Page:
4. Lastly, Councilmember Johnson sponsored an amendment to the short-term vacation rental tax bill (CB 119083) that would modify the effective date of the tax. The amendment moved the effective date from September 30, 2017 to January 1, 2019 in order to allow adequate time for implementation.

The first, third, and fourth amendments passed. Councilmember Johnson didn’t move the second amendment for adoption at committee. Instead, he explained that he intended to bring it forward to full council and shared his philosophical view:

Our current proposal would effective allow a grandfathering in of existing operators in three of our Urban Centers. Our Urban Centers are defined as Downtown, South Lake Union, Northgate, University District, Uptown, the International District-Chinatown, and [First Hill/Capitol Hill]….My objective here is to effectively do to the marketplace to have fewer limitations in those six Urban Centers. Those six Urban Centers are the places we would traditionally see hotel marketplaces. The places where we’re expecting to see growth in the city targeted and it would also allow for new operators to operate an unrestricted number of units in those Urban Centers. The objective here is to continue to allow the marketplace to expand in those neighborhoods and allow for those folks who may not be existing operators to be able to participate in the economic growth that could happen in the city.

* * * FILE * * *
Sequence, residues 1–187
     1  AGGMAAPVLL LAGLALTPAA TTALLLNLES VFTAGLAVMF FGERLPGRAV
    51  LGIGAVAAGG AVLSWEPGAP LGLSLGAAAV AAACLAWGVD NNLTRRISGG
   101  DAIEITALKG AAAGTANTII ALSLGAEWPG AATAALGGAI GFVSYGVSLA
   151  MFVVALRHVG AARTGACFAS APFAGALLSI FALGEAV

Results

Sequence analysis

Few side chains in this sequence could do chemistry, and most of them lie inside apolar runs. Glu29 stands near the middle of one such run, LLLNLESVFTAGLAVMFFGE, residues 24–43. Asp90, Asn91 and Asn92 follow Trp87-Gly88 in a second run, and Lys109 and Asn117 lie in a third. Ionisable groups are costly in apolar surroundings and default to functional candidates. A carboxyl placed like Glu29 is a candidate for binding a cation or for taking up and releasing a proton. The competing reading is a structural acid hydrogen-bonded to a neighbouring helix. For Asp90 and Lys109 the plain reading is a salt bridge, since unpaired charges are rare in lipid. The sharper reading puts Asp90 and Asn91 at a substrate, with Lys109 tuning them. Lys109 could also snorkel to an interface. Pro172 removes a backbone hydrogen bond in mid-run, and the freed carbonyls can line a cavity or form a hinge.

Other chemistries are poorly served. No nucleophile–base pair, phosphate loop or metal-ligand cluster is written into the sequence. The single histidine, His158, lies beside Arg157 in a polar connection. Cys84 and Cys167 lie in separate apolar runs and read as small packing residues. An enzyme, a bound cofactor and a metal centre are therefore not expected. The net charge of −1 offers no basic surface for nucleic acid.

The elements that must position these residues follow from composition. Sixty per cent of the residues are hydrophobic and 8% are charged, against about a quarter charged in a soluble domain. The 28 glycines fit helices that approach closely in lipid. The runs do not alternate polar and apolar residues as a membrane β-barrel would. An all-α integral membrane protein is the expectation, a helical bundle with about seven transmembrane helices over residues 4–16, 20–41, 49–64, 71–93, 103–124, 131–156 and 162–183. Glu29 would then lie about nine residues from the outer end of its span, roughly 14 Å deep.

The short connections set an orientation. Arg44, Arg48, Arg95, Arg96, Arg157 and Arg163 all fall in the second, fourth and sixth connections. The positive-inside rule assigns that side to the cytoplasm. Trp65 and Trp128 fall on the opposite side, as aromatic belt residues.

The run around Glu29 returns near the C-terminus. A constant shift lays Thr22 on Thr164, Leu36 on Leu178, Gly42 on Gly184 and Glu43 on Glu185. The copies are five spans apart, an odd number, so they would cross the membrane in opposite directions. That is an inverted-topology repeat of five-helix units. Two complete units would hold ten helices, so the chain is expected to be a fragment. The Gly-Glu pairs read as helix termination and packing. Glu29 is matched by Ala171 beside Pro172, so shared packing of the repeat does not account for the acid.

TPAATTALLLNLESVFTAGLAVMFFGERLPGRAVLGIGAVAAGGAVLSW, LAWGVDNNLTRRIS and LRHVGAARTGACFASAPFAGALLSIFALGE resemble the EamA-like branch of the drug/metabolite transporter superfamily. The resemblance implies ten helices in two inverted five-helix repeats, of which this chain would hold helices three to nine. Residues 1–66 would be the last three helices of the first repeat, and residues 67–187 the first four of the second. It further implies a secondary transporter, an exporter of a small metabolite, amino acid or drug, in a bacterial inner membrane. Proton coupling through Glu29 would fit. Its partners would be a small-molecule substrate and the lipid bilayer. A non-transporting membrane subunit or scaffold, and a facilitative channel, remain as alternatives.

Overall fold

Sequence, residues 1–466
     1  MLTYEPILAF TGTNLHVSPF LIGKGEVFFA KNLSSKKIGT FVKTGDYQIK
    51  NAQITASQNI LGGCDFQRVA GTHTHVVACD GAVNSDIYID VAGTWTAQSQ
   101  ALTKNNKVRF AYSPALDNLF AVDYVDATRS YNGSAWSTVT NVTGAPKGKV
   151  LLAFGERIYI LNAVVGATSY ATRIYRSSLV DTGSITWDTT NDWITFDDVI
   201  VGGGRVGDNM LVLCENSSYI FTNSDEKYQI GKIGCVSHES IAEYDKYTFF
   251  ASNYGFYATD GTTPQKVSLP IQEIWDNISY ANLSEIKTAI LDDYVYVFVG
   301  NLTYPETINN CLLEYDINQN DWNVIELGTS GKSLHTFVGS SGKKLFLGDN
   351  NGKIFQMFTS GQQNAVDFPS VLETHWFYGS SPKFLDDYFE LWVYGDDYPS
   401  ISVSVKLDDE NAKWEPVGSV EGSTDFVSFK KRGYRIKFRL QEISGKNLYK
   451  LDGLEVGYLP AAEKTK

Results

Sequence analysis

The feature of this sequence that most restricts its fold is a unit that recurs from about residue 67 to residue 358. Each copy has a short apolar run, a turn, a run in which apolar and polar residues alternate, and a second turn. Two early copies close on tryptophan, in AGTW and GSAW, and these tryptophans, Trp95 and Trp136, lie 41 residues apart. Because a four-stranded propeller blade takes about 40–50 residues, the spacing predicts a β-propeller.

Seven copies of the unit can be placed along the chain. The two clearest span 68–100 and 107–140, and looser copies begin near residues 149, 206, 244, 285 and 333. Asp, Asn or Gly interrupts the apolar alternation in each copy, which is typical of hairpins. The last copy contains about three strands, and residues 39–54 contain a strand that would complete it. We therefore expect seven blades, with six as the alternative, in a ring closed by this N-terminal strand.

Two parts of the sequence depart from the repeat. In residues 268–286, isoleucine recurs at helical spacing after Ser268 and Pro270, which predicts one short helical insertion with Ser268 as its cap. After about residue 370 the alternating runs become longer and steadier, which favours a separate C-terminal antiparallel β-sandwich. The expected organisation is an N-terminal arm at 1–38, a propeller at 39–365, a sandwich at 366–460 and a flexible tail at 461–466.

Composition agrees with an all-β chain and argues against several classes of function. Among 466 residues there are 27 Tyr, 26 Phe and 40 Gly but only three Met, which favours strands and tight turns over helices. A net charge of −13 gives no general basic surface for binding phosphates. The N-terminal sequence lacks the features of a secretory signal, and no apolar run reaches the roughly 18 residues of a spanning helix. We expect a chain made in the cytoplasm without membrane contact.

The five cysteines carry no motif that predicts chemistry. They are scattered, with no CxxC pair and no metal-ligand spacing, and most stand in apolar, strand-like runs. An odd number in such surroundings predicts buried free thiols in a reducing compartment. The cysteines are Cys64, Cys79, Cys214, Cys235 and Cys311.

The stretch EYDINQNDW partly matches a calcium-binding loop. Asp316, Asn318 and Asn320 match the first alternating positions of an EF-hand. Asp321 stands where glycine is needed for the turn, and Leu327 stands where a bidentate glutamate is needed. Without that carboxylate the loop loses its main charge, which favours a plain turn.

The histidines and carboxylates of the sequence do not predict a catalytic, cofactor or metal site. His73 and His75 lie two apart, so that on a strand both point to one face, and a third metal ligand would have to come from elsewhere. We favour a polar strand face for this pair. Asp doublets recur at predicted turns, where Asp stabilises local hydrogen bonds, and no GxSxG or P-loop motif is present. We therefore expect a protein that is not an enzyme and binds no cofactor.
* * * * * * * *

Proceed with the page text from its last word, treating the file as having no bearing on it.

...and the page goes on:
A significant amount of discussion also centered on the topic of the tax. Councilmember Johnson explained that the tax came about from feedback that the city council heard last summer. Many individuals preferred “revenue approach as opposed to a regulatory one” to address short-term vacation rentals. The draft legislation would create a flat tax of $10 per night for bookings. Councilmember Johnson explained how the number was arrived at: